your RPM databases? Something along the lines
yum clean all
&& yum update might be in order at this point.
I'd recommend OpenCA PKI. I had a good look around for this sort of thing a while ago, and it's the only thing that fit the bill. I've not been rigorous, but the software seems good; the documentation, however, is sorely lacking. This PDF file should help you get up and running. They also have an OCSP responder you can use (which I haven't yet tried).
I tested this software a while ago, but haven't yet put it in production. You can run PostgreSQL or MySQL, and I believe I'd have been using it with MySQL (my preference) but can't absolutely recall. I stopped using it because I got distracted with other projects, not because the software wasn't working.
I remember being very impressed with OpenCA. (For the record, I'm not affiliated with the project at all.)
apparently libcrypt.a was replaced somewhere in the process. We had to custom build using some help from
configure --prefix=glibc-2.12-1.47. el6_2.9.src/glibc-2.12-2-gc4ccff1/binary --host=i686-redhat-linux --build=i686-redhat-linux --enable-static --disable-nss-crypt CC='gcc -Wa,--32 -m32' CXX='g++ -Wa,--32 -m32' CFLAGS='-O2 -march=i686' CXXFLAGS='-O2 -march=i686' LDFLAGS=-m32
You need the private key (possibly
you've been following tutorials) of the CA certificate
cacert.crt) that's in the OpenVPN file, so you can
issue new certificates signed by that CA certificate.
If you do not have this private key (typically a
.pem file) then you cannot
issue any more client certificates, nor can you issue revocation
lists. You'll need to create a new CA and new server and client
certificates signed by it in that case.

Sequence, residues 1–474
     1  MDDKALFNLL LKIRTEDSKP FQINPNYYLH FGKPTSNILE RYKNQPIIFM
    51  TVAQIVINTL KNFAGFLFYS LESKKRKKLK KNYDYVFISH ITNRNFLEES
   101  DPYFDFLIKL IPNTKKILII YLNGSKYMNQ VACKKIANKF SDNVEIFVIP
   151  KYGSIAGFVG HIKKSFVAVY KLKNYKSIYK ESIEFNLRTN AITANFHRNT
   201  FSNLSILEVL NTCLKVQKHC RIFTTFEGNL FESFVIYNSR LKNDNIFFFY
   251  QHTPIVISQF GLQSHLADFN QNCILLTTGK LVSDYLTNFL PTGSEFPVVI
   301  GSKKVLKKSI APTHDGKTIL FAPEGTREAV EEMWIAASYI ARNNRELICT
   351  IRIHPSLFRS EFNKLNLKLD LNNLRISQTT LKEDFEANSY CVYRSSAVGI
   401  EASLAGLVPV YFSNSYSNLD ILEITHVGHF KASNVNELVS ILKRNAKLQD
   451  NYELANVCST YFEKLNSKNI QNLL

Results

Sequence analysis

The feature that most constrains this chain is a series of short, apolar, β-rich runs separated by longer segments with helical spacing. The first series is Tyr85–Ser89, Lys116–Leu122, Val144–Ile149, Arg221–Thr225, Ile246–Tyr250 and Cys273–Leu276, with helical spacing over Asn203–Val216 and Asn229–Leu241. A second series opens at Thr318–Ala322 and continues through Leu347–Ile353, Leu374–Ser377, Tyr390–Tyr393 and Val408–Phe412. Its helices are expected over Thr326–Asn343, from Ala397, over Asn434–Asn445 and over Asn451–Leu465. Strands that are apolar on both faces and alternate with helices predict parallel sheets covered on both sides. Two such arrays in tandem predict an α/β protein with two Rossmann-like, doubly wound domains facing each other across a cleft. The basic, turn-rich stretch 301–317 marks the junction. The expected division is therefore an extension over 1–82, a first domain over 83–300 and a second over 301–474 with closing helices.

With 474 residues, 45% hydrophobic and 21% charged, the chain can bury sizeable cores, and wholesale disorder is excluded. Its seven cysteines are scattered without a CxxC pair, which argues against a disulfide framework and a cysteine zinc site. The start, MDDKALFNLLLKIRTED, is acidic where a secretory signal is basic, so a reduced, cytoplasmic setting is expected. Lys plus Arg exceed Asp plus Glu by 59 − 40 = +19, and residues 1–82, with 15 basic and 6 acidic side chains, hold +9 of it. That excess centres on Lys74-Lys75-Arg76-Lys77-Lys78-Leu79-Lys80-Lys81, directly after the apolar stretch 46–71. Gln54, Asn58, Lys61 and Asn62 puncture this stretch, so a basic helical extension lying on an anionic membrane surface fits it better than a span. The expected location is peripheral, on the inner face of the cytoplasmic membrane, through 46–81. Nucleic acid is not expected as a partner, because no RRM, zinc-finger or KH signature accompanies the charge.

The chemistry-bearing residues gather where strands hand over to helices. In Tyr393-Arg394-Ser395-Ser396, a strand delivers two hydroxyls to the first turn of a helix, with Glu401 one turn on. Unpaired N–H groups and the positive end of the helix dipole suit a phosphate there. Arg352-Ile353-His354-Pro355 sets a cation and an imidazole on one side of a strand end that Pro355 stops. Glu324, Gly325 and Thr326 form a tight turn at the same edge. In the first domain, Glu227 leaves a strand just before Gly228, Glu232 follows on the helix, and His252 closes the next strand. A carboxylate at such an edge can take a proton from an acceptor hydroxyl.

Your only other option is to modify the server configuration to accept passwords in addition to certificates, which is less secure than just accepting certificates.
OpenSSL is a cryptography toolkit implementing the Secure Sockets Layer ( SSL v2/v3) and Transport Layer Security ( TLS v1) network protocols and related cryptography standards required by them.
The openssl program is a command line tool for using the various cryptography functions of OpenSSL’s crypto library from the shell. It can be used for
o Creation and management of private keys, public keys and parameters o Public key cryptographic operations o Creation of X.509 certificates, CSRs and CRLs o Calculation of Message Digests o Encryption and Decryption with Ciphers o SSL/TLS Client and Server Tests o Handling of S/MIME signed or encrypted mail o Time Stamp requests, generation and verification
The openssl program provides a rich variety of commands (command in the SYNOPSIS above), each of which often has a wealth of options and arguments (command_opts and command_args in the SYNOPSIS ).
The pseudo-commands list-standard-commands, list-message-digest-commands, and list-cipher-commands output a list (one entry per line) of the names of all standard commands, message digest commands, or cipher commands, respectively, that are available in the present openssl utility.
The pseudo-commands list-cipher-algorithms and list-message-digest-algorithms list all cipher and message digest names, one entry per line. Aliases are listed as:
from => to
The pseudo-command list-public-key-algorithms lists all supported public key algorithms.
The pseudo-command no- XXX tests whether a command of the specified name is available. If no command named XXX exists, it returns 0 (success) and prints no- XXX ; otherwise it returns 1 and prints XXX . In both cases, the output goes to stdout and nothing is printed to stderr. Additional command line arguments are always ignored. Since for each cipher there is a command of the same name, this provides an easy way for shell scripts to test for the availability of ciphers in the openssl program. (no- XXX is not able to detect pseudo-commands such as quit, list-...-commands, or no- XXX itself.)
Parse an ASN .1 sequence.
Certificate Authority ( CA ) Management.
Cipher Suite Description Determination.
CMS (Cryptographic Message Syntax) utility
Certificate Revocation List ( CRL ) Management.
CRL to PKCS#7 Conversion.
Message Digest Calculation.
Diffie-Hellman Parameter Management. Obsoleted by dhparam.
Generation and Management of Diffie-Hellman Parameters. Superseded by genpkey and pkeyparam